Let $G$ be a $p$-adic Lie group, $\text{Lie}(G)$ its Lie algebra.

Is there any reasonable notion of exponential map $\text{exp} : \text{Lie}(G)\to G$?

My problem is the following. Given $F$ and $G$ cumulative distribution functions, with densities $f,g$ (for example on $[0,1]$), what can I say on the monotonicity of $F(x)(1-G(x))$? More specifically: I would like to conclude that $F(1-G)$ should be increasing for low enough $x$ and decreasing for high enough $x$. I feel this should be true under quite general regularity conditions, but I could prove it only in the case of log concave densities (but it true is in many non log concave examples, as in the Pareto distribution). Maybe I am missing the obviouys, but are there more general regularity conditions that ensure the result?

All I could do is the following reasoning, proving that there is an interval where the product is increasing arbitrarily close to 0 if the cdfs are strictly increasing and the densities are continuous.

Indeed, if they are strictly increasing $F(0)(1-G(0))=0$ and $F(x)(1-G(x))>0$ if $x>0$, so by Lagrange theorem for any $x>0$ there is a point $\zeta \in (0,x)$ such that: $D(F(1-G))(\zeta)=\frac{F(x)(1-G(x))}{x}>0$ hence by continuity there exists an interval around $\zeta$ in which $F(1-G)$ is strictly increasing.

Let $A_{n,k},k=1,\ldots,n$ be a sequence of $n\times n$ upper triangular matrices where $A_{n,1}=I_n$ and $A_{n,k},\quad 2\leq k\leq n$ be a regularly shifted and scaled matrix, with $P_{n,k}$ an $n\times n$ matrix with $0,1$ entries to be specified below. *An example illustrating this sequence for $n=7$ is given at the end of the question.*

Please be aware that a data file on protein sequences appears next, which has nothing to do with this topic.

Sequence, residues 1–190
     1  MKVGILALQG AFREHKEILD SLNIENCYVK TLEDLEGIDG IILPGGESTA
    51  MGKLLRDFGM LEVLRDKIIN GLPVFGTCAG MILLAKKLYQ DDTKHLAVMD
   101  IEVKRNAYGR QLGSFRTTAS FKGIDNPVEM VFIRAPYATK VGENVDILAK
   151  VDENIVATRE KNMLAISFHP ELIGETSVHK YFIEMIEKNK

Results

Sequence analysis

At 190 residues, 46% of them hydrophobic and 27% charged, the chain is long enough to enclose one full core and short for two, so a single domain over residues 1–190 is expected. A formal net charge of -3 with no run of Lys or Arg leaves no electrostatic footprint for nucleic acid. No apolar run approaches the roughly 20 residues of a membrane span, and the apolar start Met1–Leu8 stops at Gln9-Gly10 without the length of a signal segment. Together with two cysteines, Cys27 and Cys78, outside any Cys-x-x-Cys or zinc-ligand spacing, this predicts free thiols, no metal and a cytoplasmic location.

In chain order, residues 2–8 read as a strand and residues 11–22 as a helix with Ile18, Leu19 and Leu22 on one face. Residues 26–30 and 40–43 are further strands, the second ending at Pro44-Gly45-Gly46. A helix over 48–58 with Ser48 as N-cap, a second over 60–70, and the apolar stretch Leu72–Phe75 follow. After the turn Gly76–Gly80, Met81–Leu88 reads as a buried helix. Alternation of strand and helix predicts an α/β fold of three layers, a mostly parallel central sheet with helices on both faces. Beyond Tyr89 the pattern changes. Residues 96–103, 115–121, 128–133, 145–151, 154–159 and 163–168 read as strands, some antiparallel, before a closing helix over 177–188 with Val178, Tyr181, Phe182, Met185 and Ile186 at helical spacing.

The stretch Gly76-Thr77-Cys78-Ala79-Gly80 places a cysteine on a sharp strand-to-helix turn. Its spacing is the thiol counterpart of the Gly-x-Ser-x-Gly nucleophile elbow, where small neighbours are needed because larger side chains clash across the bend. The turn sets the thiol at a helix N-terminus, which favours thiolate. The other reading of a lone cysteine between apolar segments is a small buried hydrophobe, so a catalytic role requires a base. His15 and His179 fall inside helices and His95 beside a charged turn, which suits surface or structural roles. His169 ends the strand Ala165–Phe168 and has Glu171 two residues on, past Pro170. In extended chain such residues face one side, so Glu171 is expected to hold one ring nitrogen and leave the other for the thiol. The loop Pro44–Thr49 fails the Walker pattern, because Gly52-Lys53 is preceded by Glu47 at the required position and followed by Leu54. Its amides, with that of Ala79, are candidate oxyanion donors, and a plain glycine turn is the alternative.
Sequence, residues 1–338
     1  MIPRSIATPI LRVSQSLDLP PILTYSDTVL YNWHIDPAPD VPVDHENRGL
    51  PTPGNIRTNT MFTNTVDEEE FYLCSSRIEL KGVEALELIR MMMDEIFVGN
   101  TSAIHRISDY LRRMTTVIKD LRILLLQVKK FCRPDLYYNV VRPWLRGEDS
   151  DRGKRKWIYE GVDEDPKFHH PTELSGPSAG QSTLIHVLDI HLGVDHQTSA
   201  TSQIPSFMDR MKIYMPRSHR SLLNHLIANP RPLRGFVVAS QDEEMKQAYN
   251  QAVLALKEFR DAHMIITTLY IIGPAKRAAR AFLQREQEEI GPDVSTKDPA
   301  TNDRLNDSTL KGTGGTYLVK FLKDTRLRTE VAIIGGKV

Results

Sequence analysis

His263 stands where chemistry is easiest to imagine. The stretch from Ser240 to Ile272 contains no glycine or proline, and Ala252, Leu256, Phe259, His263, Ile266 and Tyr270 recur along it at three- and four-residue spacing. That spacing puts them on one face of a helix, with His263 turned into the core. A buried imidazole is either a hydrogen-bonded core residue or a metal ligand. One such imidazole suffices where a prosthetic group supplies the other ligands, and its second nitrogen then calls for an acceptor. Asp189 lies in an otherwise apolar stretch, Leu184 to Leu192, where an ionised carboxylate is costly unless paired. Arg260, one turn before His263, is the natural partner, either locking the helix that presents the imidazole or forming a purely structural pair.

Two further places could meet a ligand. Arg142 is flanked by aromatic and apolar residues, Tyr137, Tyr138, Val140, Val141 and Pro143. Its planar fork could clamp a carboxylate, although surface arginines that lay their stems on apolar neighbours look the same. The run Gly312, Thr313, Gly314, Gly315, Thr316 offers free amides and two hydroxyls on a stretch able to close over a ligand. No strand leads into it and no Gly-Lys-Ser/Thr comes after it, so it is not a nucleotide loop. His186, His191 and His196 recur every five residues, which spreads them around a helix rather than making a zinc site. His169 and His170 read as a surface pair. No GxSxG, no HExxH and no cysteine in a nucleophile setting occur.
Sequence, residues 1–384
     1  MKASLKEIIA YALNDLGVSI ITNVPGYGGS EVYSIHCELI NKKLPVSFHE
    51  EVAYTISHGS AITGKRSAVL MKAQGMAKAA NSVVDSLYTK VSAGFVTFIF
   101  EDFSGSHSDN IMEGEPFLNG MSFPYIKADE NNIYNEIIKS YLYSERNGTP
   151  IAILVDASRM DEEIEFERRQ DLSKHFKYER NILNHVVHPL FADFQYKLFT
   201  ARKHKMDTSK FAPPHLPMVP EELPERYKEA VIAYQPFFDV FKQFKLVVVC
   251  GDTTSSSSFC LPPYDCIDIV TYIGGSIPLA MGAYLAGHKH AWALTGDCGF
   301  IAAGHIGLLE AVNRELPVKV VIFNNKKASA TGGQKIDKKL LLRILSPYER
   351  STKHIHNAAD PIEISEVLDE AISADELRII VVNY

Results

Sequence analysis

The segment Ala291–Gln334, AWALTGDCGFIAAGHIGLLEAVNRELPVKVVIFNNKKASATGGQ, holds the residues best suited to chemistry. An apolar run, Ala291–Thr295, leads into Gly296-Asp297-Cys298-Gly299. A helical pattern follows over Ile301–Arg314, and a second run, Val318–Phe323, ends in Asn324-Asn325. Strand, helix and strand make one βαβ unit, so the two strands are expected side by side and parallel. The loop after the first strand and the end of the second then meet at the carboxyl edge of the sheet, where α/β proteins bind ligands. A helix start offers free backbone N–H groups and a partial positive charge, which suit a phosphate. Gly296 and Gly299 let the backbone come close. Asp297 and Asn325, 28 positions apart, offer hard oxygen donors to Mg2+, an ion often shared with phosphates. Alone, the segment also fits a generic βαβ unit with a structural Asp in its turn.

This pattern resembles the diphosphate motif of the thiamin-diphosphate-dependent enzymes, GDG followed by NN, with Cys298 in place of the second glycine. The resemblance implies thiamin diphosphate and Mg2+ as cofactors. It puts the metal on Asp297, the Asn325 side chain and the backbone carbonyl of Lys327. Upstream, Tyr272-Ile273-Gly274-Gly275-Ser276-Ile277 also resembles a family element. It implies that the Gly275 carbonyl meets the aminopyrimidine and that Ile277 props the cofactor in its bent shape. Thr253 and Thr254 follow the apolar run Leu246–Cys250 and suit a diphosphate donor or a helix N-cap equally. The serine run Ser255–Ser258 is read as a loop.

Now define $B_n=A_{n,1}+\cdots+A_{n,n}$ and note that one always obtains an upper triangular matrix with this process.

Informally, initialize the matrix $B_n=[b_{i,j}]$ as the identity. Let $k$ range from $2$ to $n$ and increment each entry $b_{vk-f,vk}$ by $1/k$ for $f=0,\ldots,k-1.$ Do this for $v=1,2,\ldots,\lfloor n/k \rfloor.$

For the case $n=7,$ one obtains the matrix as the sum of the matrices at the end of this question: $$ B_{7}=\begin{bmatrix} 1 & 1/2 &1/3 & 1/4 & 1/5 &1/6 &1/7 \\ 0 & 3/2 &1/3 & 1/4 &1/5 &1/6 &1/7 \\ 0 & 0 & 4/3 & 3/4 &1/5 &1/6 &1/7 \\ 0 & 0 &0 & 7/4 &1/5 &1/2 &1/7 \\ 0 & 0 &0 & 0 &6/5 &1 &1/7 \\ 0 & 0 &0 & 0 &0 &2 & 1/7 \\ 0 & 0 &0 & 0 &0 & 0 & 8/7 \end{bmatrix}. $$ whose eigenvalues are on the diagonal. The nonzero entries of $B_n$ which occur for $j\leq i,$ are given by $$ B_{i,j}= \sum_{d|j} \mathbb{1}\left\{j-i +1 \leq d \right\} d^{-1} \qquad\qquad (1) $$ In fact $d=j$ can also be included giving a single expression for $b_{i,j}$ above. It is also clear that the matrix $B_n$ matches the matrix $B_{n-1,n-1}$ in its upper left $(n-1)\times (n-1)$ submatrix which provides a nice "bordered" recurrence to obtain $B_n$ from $B_{n-1}$ by augmentation. Hence